This film is a keeper,the underated and always wonderful Michael Keaton(a very underated actor that we don't see enough of anymore) in rare dramatic film about the effects of cocaine abuse,and trying to kick the habit. Great supporting cast that includes Morgan Freeman,M.Emmmet Walsh,and Kathy Baker. I guess the only quibble I have with the DVD is that it's Standard Full Frame and NOT anamorpic widesceeen,but it's still a nice transfer overall. It's the performances that matter with this one!!! Recommended!!! Two thumbs up! A+...more info
- Incredible Flick
All I can say is that this movie captures the desparation and difficulties for addicts and the grim reality of "one day at a time." Buy this movie. You will love it....more info
I very much enjoyed this movie.
Michael Keaton very accurately portrays a drunk & a drug user. BR>Morgan Freeman was excellant as usual & Cathy Baker was GREAT!...more info
- VERY GOOD FILM,STRONG ACTING
I very much enjoyed this story of a man battling drug addiction-alcoholism.Michael Keaton has never been better and his portrayal is dead-on, even when the film is occasionally hard-going at times.In fact, the whole cast is first-rate, the direction good, and the script unflinching and realistic. Of all the films about drug addiction, this one is highly recommended. and the ending is even happy....more info
Excellent account of "how it really is". One of many of Michael Keaton's best!...more info
- displeased with Warner Bros.
Its a shame that Warner Brothers dismissed this excellent film, probably the best they released in the '80's, with a shoddy transfer and no extras. The DVD menu does not even have a graphic from the film but instead their obnoxious WB gold logo. At least a trailer would be nice. I'm not asking for a 7 disc Criterion Collection edition with 40 hours of supplemental footage or anything. They did this with Driving Miss Daisy" also. No widescreen either. Nonetheless, the DVD does exist. Hopefully, Warner will do a better job with After Hours when they get around to transfering that....more info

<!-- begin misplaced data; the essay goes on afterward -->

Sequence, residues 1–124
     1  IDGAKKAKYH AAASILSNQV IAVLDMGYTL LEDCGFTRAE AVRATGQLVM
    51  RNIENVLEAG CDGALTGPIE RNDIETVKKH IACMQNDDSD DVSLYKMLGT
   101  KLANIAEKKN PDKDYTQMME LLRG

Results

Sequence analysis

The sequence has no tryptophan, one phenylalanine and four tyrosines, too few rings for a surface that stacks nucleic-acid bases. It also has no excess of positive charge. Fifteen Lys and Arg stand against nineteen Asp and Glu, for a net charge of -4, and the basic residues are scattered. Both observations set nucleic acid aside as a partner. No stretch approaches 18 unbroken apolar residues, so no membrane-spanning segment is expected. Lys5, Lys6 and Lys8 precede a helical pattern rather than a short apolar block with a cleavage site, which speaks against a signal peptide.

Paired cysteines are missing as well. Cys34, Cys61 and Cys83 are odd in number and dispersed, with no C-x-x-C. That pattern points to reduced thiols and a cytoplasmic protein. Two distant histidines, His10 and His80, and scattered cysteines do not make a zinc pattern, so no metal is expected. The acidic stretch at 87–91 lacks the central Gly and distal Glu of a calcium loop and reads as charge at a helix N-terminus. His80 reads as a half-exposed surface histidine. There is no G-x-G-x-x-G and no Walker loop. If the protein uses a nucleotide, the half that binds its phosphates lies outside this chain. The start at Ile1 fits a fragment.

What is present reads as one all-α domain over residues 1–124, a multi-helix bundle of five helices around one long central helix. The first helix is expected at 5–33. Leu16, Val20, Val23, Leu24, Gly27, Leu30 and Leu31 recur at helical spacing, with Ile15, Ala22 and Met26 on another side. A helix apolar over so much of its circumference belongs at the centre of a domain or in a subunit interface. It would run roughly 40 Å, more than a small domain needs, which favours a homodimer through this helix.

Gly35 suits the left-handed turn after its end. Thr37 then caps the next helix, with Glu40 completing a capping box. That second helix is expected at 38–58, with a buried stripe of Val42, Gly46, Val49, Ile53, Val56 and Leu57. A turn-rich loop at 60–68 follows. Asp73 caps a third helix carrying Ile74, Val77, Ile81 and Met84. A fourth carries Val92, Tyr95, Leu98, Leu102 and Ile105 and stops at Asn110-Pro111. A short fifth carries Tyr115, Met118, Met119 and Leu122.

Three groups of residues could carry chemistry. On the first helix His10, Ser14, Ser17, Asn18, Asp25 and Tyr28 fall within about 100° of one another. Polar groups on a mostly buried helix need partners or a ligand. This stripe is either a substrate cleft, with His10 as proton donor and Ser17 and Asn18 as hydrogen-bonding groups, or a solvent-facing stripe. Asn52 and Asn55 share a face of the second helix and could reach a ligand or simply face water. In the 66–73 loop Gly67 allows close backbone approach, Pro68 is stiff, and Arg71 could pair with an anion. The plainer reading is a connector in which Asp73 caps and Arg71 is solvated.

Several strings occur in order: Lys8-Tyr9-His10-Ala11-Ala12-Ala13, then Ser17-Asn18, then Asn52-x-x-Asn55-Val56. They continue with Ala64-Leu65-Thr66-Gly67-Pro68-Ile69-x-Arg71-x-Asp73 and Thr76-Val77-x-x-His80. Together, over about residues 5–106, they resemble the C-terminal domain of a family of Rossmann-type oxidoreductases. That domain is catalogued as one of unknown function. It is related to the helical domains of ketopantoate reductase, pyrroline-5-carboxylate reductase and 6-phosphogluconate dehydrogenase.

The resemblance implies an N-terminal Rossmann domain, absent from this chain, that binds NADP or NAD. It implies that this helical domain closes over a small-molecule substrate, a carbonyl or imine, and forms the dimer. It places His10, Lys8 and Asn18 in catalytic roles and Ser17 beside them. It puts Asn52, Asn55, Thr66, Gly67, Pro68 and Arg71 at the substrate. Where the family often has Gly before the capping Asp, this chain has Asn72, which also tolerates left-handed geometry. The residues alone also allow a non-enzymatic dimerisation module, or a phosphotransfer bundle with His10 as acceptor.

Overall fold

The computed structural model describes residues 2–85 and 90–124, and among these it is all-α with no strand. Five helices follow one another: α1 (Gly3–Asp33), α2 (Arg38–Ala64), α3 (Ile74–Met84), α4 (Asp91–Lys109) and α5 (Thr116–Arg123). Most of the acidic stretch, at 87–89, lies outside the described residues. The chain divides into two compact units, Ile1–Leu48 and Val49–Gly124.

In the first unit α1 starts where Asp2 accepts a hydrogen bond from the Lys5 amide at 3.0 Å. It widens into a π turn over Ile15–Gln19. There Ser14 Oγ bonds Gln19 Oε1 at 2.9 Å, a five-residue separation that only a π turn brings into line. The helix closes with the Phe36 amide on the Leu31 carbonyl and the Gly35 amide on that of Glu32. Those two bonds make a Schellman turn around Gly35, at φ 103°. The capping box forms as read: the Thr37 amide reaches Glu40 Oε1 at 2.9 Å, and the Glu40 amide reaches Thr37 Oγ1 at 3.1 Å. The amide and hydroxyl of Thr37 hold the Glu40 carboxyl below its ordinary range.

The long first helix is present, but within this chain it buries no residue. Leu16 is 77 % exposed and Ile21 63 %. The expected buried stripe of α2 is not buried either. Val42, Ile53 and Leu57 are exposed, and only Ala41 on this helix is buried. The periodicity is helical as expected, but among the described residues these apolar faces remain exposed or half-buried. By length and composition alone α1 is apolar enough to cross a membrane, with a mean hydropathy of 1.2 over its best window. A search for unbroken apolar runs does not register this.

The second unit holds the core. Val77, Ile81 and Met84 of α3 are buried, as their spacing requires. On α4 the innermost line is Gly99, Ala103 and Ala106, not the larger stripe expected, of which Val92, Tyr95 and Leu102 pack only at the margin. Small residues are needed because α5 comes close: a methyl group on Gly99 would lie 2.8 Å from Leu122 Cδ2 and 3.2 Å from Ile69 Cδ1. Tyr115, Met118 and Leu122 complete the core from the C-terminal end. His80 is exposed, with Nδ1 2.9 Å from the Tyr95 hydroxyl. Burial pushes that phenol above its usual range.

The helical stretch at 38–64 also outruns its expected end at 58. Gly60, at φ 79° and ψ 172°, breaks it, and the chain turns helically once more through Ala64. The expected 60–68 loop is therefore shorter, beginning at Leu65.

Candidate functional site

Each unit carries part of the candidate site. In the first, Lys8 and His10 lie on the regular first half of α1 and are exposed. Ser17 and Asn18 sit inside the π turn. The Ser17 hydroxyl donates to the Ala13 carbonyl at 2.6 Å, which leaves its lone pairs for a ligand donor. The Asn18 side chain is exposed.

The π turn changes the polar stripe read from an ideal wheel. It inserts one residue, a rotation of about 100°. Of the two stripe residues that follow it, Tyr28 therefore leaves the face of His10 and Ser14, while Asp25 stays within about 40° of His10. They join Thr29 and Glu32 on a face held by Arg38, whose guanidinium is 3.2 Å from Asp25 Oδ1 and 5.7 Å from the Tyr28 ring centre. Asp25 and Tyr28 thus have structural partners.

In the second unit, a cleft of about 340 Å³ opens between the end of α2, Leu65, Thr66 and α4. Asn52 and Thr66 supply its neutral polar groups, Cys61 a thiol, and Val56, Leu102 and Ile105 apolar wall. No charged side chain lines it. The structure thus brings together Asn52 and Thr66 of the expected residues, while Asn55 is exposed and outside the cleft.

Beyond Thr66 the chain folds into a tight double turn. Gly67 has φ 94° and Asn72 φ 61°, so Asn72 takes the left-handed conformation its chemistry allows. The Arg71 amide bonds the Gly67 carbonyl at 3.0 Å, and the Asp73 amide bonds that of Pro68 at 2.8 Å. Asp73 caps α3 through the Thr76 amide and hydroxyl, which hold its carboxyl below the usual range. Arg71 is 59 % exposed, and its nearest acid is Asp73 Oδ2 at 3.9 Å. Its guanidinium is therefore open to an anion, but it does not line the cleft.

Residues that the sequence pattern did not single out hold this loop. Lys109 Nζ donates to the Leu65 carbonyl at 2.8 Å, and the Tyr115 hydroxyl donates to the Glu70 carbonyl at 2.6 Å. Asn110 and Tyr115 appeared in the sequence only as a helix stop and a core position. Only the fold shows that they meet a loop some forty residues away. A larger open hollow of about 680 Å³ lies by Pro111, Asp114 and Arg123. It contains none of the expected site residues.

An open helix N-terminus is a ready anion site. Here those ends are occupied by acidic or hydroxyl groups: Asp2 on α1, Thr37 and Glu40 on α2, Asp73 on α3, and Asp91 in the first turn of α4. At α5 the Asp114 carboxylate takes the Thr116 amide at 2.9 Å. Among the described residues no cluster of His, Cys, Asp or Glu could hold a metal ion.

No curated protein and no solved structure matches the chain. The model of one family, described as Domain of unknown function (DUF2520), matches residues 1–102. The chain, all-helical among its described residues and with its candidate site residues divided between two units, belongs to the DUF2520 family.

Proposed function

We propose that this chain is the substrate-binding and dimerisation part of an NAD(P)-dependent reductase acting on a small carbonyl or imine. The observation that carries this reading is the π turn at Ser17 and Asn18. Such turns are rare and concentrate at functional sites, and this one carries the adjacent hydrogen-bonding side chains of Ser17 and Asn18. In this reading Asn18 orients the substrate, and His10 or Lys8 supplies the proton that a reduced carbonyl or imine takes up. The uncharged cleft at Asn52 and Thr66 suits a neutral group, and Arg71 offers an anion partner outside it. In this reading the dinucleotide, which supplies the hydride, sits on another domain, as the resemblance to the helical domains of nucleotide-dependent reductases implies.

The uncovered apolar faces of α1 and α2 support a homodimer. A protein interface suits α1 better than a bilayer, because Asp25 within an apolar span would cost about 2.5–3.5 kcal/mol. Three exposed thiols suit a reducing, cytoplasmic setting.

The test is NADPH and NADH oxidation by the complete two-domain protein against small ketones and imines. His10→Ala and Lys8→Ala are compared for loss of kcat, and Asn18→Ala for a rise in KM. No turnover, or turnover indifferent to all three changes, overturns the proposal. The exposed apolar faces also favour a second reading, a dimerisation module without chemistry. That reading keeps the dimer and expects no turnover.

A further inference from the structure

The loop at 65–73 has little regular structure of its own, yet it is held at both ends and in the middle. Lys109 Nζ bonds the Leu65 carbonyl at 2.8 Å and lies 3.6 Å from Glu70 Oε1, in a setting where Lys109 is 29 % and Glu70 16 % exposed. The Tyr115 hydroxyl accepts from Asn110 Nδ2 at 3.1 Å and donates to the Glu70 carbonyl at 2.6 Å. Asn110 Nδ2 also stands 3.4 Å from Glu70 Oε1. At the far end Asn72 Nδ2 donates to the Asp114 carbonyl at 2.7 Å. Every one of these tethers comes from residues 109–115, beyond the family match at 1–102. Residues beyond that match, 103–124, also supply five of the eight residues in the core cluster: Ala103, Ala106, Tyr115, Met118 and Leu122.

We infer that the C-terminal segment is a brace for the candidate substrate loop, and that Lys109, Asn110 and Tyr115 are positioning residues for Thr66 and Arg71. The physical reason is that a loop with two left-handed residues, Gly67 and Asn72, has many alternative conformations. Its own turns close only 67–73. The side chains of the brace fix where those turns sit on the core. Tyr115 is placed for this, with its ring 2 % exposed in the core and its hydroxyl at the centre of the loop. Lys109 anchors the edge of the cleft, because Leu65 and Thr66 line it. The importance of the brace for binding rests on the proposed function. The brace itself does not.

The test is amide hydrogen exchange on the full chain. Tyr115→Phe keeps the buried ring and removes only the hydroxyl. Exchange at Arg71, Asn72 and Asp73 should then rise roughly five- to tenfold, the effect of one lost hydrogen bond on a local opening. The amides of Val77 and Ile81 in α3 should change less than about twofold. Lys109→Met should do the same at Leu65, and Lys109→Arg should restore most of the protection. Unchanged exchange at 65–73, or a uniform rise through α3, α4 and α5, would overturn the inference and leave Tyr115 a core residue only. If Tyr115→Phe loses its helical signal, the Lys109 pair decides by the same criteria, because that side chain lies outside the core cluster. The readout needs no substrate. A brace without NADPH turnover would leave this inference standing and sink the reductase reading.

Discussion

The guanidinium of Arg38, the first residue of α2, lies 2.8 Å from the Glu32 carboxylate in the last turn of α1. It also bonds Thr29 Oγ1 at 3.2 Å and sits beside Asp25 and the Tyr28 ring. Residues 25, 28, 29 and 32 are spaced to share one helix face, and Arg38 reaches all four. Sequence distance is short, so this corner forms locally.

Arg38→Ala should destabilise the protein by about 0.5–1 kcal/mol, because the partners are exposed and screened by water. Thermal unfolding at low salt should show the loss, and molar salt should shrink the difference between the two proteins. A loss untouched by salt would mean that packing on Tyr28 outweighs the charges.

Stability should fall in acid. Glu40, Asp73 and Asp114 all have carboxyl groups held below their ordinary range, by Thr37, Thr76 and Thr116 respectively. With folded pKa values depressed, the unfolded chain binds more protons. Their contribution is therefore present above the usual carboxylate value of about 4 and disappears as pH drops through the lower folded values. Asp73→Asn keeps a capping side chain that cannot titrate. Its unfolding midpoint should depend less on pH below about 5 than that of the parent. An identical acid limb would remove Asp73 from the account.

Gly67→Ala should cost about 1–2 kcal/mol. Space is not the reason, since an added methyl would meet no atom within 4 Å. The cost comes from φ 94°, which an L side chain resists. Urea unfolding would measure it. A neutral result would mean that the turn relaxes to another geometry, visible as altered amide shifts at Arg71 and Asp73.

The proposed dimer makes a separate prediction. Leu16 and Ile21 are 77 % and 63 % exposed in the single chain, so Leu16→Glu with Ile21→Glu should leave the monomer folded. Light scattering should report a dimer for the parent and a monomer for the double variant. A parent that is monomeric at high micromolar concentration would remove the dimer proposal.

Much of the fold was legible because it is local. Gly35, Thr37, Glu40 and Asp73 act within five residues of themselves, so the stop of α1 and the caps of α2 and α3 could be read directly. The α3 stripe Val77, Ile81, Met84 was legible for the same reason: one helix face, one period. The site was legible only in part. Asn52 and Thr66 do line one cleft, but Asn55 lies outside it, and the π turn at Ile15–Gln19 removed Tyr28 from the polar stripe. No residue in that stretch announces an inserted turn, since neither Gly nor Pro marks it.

- A Great First "dramatic" role!
If you do any type of collecting, you know that you eventually run across hidden gems in bargain places. Such was it for me w/this DVD. Look in just about any retail movie outlet under DVDs under 10.00 & you're bound to find this movie! What a buy! This was Michael (Beetleguises) first real dramatic role. Unlike a lot of comedic actors before him ( Bill Murray's Razor's Edge springs to mind), Keaton brings home a powerful performance of a chronic substance abuser in rehab for all the wrong reasons. What he comes away with, and what the audience comes away with, is a tightly woven film, full of interesting characters and fine performances, lead, of course, by Michael Keaton. Although some will argue that he's had his share of dramatic roles since, they've all been either contrived (My Life), cartoonish (Batman), or psychos (Pacific Heights & Extreme Measures). What Keaton needs is more fine roles like he enjoyed in this film to make the leap from comedic actor to dramatic actor (ala Tom Hanks). I just hope that he can at least keep his incredible comedic edge!...more info
- McCoy's Musings
During the course of a graduate school class, this student was required to watch this movie and discuss it. In her own opinion, she considers this movie very good even though there are scenes in it that are not accurate. For example, the scene where the counselor accuses a patient of being high and orders her to leave. In real life, if a counselor suspects a client of being intoxicated, tests will be ordered to either confirm or rule out the suspicion. These tests protects everyone's legal rights. Otherwise, this movie could be a good introduction to the issue of addictions and treatment....more info
I picked this film up for it's 80's nostalgia. It depicts the AA/NA meetings/groups and sponsors well. it's still hollywood, but is pretty true to form. Great performance by Morgan Freeman and Michael Keaton....more info
- The Best
This movie is on my top 5 all time Greatest! Absolutely Michael Keaton's Finest performance! Gripping, Sobering, Stunning! Morgan Freeman is Spectacular! A MUST SEE!...more info
- A decent movie with some weaknesses
This was an entertaining movie with some strong performances. However, something about it is lacking an air of realism. I've attended many AA and NA meetings myself, and the portrayal here is somewhat cliched and not completely accurate. I've also been through several treatments, and the portrayal here is also "off" somehow. Modern treatment centers don't really operate in the way things are portrayed here. If you want to know what most AA meetings are really like, find an "open" meeting in your area and attend it. However, this movie was entertaining and the performances are good. It was a bit over-long, and there was too much focus on the romance between Keaton and Baker. More realism, less sentimentality and a little more cutting-room time, and this movie could have been better. But I enjoyed it.